Amphibians are frequently impacted by several stressors contributing to population declines. The xenoestrogens dumped into the effluents can act as endocrine disruptors, affecting several physiological functions of amphibians. Once exposed to these contaminants, amphibians may become more susceptible to infectious diseases such as chytridiomycosis. In the aquatic environment, all of these factors can occur concomitantly, and an interaction between them can lead to even more severe effects. However, to date there are no studies evaluating the synergistic effects of 17±-ethynyloestradiol (EE2) and chytridiomycosis, nor are there comparisons between sexes in this sense. The microbiome may mediate the effects of stressors and disease, thus here we aim to characterize the microbiome of male and female Rhinella icterica, and to examine the effects of exposure to EE2 and the chytrid fungus, Batrachochytrium dendrobatidis. Research targets will be achieved by analyzing the microbiome at the University of Massachusetts Boston, under the supervision of Dr. Douglas Woodhams. This pioneering study may have global implications and is set to reveal a complex web of interactions between pathogens, environmental contaminants and sexual gender in anurans.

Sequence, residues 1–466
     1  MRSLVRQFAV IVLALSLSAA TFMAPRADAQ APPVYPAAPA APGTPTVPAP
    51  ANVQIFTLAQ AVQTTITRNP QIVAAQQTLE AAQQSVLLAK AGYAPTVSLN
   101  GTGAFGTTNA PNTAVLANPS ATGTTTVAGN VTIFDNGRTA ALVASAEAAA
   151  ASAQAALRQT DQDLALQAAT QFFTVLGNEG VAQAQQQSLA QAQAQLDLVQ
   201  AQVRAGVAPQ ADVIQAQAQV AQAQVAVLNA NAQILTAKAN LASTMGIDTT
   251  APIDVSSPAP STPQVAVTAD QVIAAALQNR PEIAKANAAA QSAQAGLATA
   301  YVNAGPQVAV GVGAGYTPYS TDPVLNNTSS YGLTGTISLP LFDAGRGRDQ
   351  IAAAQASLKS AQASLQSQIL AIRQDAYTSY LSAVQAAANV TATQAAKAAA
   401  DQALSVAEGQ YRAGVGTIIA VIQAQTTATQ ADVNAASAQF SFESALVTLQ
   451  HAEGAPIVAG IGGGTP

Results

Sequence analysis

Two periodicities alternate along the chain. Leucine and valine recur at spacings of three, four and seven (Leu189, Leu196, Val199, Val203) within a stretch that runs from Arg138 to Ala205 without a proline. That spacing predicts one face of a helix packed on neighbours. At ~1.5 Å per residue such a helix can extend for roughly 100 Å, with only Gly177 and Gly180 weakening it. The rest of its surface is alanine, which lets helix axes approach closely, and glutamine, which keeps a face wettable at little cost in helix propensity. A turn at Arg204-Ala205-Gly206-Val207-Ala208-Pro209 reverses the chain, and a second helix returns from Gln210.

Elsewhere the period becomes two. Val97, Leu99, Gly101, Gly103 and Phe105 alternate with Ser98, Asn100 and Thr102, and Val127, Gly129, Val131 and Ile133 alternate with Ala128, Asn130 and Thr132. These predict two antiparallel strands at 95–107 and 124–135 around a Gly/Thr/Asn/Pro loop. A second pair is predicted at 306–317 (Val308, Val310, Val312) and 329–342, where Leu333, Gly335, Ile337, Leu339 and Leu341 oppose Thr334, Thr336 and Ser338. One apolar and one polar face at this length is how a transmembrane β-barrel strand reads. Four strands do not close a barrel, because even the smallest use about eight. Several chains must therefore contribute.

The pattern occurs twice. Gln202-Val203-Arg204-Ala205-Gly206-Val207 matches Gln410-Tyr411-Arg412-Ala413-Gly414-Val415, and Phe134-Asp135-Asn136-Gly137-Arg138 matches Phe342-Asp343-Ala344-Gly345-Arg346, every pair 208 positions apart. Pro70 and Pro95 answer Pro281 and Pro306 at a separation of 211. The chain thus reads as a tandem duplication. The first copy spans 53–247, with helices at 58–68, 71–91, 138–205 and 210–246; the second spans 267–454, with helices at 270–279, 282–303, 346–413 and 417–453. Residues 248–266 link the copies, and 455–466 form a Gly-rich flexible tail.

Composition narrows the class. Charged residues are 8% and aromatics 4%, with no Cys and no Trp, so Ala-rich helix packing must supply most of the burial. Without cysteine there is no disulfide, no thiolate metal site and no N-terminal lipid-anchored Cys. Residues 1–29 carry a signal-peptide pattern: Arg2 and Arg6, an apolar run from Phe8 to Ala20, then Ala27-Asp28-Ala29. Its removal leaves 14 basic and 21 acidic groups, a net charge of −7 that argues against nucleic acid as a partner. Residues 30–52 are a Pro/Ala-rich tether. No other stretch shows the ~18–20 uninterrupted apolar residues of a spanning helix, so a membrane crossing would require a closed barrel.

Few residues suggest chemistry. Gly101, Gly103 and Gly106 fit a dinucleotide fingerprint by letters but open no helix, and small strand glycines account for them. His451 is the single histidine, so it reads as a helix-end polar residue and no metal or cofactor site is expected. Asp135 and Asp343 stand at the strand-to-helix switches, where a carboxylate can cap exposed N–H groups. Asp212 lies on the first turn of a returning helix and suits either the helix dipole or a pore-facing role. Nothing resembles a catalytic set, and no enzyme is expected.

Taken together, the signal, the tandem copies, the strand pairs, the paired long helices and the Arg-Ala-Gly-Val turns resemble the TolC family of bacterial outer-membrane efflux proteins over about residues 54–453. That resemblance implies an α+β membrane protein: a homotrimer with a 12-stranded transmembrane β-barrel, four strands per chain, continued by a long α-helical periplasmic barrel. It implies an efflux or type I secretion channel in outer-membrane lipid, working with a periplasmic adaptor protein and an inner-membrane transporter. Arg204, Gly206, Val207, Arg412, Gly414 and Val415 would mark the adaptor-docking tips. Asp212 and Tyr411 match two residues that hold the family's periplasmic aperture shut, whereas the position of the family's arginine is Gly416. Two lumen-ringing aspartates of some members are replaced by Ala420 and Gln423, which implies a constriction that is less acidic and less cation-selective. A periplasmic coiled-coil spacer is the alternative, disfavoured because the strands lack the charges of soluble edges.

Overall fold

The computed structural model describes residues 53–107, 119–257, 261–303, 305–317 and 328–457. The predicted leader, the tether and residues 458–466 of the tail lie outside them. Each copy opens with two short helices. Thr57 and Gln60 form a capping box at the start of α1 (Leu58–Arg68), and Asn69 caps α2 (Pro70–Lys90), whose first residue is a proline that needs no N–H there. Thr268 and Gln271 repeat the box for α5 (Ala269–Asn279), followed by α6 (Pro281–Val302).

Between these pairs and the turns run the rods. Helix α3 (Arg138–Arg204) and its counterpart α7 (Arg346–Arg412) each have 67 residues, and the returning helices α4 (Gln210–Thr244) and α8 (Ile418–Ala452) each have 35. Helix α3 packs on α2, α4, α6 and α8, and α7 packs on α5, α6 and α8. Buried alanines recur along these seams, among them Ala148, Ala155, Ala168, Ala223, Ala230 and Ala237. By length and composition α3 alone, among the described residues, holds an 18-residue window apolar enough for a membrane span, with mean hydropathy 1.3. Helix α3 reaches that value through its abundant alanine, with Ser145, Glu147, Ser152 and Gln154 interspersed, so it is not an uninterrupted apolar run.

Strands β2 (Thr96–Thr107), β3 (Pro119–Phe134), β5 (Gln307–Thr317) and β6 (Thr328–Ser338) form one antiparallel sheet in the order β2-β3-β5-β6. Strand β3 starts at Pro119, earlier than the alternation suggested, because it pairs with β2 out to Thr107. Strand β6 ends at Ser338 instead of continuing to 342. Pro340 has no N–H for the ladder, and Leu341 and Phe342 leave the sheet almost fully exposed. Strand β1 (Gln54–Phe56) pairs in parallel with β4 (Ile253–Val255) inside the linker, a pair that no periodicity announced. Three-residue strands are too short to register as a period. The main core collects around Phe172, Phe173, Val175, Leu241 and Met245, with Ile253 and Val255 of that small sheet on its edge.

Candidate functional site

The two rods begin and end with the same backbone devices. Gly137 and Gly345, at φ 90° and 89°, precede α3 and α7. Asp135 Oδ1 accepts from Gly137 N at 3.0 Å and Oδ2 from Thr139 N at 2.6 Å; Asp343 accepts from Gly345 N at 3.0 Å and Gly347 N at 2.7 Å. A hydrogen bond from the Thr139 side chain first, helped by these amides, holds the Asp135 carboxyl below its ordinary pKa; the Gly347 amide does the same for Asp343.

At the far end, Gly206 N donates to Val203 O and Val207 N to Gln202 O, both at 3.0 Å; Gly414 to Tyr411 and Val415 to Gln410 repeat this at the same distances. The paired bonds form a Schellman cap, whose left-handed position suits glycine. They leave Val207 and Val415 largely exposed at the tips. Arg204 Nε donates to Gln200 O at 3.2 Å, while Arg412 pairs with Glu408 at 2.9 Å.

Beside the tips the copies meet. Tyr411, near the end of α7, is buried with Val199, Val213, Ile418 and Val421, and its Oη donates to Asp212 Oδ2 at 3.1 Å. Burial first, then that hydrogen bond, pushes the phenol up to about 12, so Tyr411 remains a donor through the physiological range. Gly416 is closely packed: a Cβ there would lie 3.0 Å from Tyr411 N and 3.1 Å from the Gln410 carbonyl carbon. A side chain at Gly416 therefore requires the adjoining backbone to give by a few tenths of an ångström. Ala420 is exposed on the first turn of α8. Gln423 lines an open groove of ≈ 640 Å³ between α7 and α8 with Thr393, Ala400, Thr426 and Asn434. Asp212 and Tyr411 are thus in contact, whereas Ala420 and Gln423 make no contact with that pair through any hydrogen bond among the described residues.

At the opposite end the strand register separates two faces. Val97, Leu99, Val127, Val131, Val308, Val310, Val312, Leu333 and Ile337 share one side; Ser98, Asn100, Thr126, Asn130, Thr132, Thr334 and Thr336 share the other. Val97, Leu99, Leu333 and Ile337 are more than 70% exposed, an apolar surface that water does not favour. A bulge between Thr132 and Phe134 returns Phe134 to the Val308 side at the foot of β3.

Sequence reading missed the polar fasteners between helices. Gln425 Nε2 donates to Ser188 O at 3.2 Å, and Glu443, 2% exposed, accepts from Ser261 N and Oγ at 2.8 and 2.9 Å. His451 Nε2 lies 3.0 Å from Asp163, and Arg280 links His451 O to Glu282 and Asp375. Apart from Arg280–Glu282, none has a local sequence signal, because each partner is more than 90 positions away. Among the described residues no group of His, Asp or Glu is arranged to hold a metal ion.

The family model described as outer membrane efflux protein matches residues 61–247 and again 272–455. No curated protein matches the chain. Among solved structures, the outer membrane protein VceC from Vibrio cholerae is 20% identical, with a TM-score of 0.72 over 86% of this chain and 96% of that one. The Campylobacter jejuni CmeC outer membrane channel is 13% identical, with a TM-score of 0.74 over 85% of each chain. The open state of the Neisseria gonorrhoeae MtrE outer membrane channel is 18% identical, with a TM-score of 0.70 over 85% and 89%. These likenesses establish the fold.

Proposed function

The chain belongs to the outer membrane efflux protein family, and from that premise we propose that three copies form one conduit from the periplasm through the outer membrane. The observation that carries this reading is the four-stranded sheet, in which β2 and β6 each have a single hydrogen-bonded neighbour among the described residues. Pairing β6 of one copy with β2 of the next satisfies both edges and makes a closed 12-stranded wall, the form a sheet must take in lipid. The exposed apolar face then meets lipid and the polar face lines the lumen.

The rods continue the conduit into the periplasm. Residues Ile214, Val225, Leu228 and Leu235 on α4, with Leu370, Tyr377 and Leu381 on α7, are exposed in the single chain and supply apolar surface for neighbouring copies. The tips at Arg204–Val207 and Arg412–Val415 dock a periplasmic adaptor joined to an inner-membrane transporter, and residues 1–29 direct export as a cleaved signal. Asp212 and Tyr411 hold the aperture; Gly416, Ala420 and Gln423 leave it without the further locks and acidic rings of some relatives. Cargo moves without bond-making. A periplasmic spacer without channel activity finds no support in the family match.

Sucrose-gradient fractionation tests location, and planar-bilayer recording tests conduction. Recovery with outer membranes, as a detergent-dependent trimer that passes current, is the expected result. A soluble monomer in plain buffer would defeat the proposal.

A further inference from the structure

News published in Agência FAPESP Newsletter about the scholarship: